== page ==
5 June 2018
The European Chemicals Agency (ECHA) has been favouring industry during its initial gathering of evidence on microplastics, prompting environmental organisations to remind ECHA not to overlook or underestimate the risks for health and the environment when preparing the proposal to restrict the use of this pollutant.
In a letter sent today, ClientEarth, the European Environmental Bureau (EEB), the Health and Environment Alliance (HEAL), the International Chemical Secretariat (ChemSec), Women Engage for a Common Future (WECF International) and Greenpeace, with the support of the Rethink Plastic Alliance, have raised concerns that the European Chemicals Agency (ECHA) has lacked objectivity, by offering a particularly attentive ear to companies adding microplastics to their products.
Microplastics from these products, which include cosmetics and personal care products, industrial scrubbers used for cleaning, and paints among others are released into the water and the oceans, causing major pollution.
In January this year, the European commission entrusted the European Chemicals Agency to come up with an appropriate proposal to restrict microplastics intentionally added to products, to finally tackle this source of pollution and prevent further harm to the health of humans and wildlife.
The Agency’s call for evidence, which closed last month, was the first step of a long process, before the European Commission can adopt the restriction (expected in 2020).
During this first step, the Agency invited industries using microplastics to provide information so that it could exclude certain uses from the proposed restrictions. By contrast, the Agency did not show interest in receiving information from other stakeholders about the hazards and risks of microplastics, the letter stated.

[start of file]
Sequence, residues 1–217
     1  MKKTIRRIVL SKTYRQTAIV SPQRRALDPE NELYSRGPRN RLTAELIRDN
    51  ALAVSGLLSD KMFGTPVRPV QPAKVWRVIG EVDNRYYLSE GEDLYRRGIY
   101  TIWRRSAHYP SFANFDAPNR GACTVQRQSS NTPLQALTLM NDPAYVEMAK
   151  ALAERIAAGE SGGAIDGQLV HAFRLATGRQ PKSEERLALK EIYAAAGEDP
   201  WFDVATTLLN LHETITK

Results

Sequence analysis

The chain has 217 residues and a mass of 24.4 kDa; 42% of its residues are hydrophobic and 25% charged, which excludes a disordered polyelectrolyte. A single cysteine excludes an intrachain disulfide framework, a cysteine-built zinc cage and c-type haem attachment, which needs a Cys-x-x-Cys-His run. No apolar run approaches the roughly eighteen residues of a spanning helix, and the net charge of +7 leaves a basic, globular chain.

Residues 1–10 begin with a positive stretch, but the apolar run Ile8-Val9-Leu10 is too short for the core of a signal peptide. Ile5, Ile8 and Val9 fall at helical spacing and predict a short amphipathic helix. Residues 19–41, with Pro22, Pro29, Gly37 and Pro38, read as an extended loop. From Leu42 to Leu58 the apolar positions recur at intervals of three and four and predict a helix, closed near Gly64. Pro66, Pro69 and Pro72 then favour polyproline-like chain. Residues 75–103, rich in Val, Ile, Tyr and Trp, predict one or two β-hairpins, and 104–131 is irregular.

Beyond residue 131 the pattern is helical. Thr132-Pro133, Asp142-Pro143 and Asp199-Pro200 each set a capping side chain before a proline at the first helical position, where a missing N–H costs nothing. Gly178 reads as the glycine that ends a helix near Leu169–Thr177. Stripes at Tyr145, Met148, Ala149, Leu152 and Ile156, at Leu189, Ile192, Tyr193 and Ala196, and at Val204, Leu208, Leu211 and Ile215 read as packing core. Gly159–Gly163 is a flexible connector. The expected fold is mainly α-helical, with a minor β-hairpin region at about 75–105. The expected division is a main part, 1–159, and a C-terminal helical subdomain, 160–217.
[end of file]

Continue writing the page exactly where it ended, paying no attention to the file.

Environmentalists are therefore concerned ECHA’s proposal will be too narrow and make it more challenging to obtain, in the end, a restriction that would truly tackle the issue of microplastics added to products.
ClientEarth lawyer Alice Bernard said: “The Chemicals Agency’s priority should be to ensure no risks are overlooked or underestimated, yet we witnessed a call for evidence with an excessive focus on protecting the interests of the businesses responsible for this microplastic pollution.”
“The Agency also seemed to open the door to derogations on grounds that are not in line with the Registration, Evaluation, Authorisation & Restriction (REACH) regulation.”
European Environmental Bureau (EEB) senior policy officer Tatiana Santos said: “We are concerned that ECHA’s proposal will be too narrow, excluding relevant and harmful uses of microplastics before the competent scientific committees give their opinion, making it ultimately more difficult for the Commission to adopt the necessary restriction.
“What ECHA should focus on is on protecting people and the environment, the main goal of REACH.”
The letter makes recommendations regarding the microplastics dossier, and future restriction dossiers, including giving proper weight to the evidence showing risks to human health and the environment versus other factors, when drafting restriction proposals.